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A Rebel’s Reading List: Fascinating Stories of Banned Books

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What books are banned and why?

Banning books is a hot topic these days. We weren’t expecting that 2022 plot twist.

Leading many of us to ask, “why are books banned in the first place?”.

Every banned book has a unique story – and you’ll love learning about the challenges these classic works of literature have faced. 

We found the stories so fascinating that we created a line of candles inspired by banned books! All the novels on this list are in our Banned Books candle collection!

Banned Books Candle Collection -- Antiquarian Aesthetic -- Vintage Library Candles

Beloved, Toni Morrison

First published in 1987, Toni Morrison’s Beloved won the Pulitzer Prize in 1988. It quickly became a fixture in high school literature classes. Bans and challenges swiftly followed. 

St. John’s County schools – in St. Augustine, Florida – experienced challenges to the novel in 1995. 

The inclusion of Beloved on a high school reading list in Round Rock, Texas, was challenged in 1996 – the novel was “too violent.” The challengers lost, and Beloved remained in the curriculum.

A school committee member in Madawaska, Maine, challenged the book in 1997 because of its language. 

In 1998, Sarasota, Florida, challenged Beloved’s inclusion in the school curriculum because of sexual material.

Bans and challenges followed Beloved into the new millennium. In fact, Beloved is one of the most challenged novels of the 21st century.

In Arlington Heights, Illinois, a school board member challenged Beloved – and eight other titles – in 2006. She made these objections based on her Christian beliefs and excerpts of the novel she found on the internet. The challenge did not stand, and the books stayed on the reading list.

In 2007, a group of parents in Coeur d’Alene, Idaho, challenged Beloved and five other books. These parents felt that these particular books should require parental permission to read.

Also in 2007, an Advanced Placement English class at Eastern High School in Louisville, Kentucky, got caught in the middle of a challenge to Beloved. Two parents objected to the novel’s depictions of bestiality, racism, and sex – so the principal ordered the class to ditch Beloved and restart AP exam prep with The Scarlet Letter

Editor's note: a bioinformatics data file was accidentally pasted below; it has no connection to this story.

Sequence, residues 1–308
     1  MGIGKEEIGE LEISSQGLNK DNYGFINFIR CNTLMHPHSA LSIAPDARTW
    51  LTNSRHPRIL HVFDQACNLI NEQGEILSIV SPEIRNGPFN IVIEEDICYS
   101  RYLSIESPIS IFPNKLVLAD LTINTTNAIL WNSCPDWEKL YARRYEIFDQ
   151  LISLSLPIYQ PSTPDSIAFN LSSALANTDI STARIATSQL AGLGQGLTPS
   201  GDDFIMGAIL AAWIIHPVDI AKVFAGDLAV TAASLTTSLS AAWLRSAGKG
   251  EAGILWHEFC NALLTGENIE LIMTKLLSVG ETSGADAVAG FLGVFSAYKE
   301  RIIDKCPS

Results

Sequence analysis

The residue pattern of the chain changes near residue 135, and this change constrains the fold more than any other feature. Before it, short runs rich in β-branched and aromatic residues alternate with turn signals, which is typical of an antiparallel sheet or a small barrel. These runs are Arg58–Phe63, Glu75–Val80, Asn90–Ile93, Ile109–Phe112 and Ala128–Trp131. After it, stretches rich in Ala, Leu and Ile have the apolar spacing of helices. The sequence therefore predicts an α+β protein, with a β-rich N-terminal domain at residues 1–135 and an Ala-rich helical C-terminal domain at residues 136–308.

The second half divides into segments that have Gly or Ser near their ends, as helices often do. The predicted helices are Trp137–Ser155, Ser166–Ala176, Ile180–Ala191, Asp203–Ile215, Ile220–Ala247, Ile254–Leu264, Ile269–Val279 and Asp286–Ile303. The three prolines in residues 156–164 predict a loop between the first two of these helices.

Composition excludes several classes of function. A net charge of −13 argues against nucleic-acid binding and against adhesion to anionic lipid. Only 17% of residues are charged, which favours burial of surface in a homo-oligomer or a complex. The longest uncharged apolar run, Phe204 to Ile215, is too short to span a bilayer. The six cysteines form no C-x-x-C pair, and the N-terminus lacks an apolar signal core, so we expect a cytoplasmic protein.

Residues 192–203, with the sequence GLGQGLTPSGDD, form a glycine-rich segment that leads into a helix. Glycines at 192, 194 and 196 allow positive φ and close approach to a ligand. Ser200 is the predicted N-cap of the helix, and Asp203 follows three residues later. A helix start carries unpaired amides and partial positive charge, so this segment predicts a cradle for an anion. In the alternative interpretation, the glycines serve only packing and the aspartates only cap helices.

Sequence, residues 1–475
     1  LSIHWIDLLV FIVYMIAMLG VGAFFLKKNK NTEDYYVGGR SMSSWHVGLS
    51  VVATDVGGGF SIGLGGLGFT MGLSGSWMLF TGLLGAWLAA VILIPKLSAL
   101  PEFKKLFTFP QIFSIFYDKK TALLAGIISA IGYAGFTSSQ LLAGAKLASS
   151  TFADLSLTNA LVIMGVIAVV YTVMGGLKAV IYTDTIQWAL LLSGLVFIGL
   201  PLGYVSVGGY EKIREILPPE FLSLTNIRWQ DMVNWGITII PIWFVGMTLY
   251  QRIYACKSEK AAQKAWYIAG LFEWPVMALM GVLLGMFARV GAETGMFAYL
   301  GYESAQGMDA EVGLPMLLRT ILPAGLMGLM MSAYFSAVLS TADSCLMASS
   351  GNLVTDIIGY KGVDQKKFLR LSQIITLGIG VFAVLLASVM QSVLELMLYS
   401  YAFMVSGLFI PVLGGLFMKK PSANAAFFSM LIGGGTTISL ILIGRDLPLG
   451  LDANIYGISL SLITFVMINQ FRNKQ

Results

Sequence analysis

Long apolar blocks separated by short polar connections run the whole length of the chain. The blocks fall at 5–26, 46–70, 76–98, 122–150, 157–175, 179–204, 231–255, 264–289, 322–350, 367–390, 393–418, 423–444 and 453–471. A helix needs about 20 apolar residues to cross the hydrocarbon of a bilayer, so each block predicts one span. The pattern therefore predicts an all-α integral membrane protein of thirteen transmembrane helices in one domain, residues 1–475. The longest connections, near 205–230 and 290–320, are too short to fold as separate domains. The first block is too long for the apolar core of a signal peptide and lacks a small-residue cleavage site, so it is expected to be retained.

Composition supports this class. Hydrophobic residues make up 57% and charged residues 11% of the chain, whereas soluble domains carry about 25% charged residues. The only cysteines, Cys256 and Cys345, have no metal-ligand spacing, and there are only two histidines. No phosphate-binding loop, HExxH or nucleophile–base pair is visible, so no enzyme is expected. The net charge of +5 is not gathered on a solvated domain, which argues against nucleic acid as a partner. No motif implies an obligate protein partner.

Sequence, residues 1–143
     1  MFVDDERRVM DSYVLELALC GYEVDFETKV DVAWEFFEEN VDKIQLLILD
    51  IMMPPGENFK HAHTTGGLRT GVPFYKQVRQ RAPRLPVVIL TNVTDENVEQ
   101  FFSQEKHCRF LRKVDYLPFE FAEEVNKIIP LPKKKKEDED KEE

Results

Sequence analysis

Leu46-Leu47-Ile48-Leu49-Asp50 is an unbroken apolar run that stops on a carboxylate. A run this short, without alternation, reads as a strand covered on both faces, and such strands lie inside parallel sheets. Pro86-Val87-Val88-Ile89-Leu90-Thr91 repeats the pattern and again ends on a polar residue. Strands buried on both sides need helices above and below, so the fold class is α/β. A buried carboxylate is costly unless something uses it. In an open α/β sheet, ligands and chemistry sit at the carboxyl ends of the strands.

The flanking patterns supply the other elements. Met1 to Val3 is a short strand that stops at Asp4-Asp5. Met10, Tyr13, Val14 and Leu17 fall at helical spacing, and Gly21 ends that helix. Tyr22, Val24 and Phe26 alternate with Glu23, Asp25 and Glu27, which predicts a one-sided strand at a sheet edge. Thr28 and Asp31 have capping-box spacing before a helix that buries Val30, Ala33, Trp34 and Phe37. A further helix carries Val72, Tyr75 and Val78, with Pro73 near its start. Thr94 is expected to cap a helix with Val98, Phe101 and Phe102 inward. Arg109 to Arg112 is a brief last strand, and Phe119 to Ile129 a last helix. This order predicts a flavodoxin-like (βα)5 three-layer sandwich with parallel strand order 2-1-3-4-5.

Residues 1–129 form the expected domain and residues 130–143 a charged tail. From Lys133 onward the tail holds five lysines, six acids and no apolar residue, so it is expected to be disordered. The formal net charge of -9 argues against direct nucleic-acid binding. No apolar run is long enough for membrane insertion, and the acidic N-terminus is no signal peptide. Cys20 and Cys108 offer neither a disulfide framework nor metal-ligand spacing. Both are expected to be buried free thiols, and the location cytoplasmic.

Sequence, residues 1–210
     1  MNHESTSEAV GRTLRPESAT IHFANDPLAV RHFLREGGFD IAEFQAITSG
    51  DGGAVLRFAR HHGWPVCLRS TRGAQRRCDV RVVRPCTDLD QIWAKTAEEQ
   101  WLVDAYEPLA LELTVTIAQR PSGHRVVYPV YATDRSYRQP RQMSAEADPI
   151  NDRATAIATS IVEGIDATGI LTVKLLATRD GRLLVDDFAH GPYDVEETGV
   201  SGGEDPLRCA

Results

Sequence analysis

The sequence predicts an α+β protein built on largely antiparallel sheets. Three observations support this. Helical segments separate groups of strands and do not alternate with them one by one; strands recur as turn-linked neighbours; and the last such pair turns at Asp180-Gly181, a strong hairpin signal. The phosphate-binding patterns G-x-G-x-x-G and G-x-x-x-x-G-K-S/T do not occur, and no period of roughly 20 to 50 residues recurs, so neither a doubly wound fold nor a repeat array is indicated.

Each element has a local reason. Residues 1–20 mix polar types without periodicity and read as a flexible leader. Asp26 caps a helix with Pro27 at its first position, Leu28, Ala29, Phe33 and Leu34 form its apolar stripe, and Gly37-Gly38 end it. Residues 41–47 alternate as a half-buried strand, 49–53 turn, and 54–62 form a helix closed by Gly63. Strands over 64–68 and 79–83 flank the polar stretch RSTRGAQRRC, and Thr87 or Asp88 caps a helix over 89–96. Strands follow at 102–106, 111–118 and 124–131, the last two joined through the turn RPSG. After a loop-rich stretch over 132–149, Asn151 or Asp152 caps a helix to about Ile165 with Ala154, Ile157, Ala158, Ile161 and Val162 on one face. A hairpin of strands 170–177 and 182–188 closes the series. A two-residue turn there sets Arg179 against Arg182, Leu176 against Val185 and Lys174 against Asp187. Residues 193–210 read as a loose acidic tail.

The most recent controversy around the novel came in 2021 when Beloved became a hot topic in the race for Virginia governor.

1984, George Orwell

Orwell’s dystopian classic is a master class in human nature and totalitarianism – and it really got under the skin of some folks in Jackson County, Florida, in 1981. 

They saw the novel as “pro-communist” and objected to its “explicit sexual matter.”

A Clockwork Orange, Anthony Burgess

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Anthony Burgess published A Clockwork Orange in 1962, but the dystopian novel didn’t begin inspiring backlash until the early 1970s. 

Coincidentally, Stanley Kubrick released his wildly successful film inspired by the novel in 1971.

The challenges started with the arrest of a Utah bookseller was in 1973, His crime? Selling A Clockwork Orange. The authorities dropped the charges, but he had to sell his store and leave town. 

In 1976, Aurora, Colorado, removed the novel from the high school curriculum because of “objectionable language.” Westport, Massachusetts, followed suit in 1977.

High school libraries in Anniston, Alabama, removed A Clockwork Orange from their shelves in 1982 – but later reversed course by making it available to students in the “restricted section.”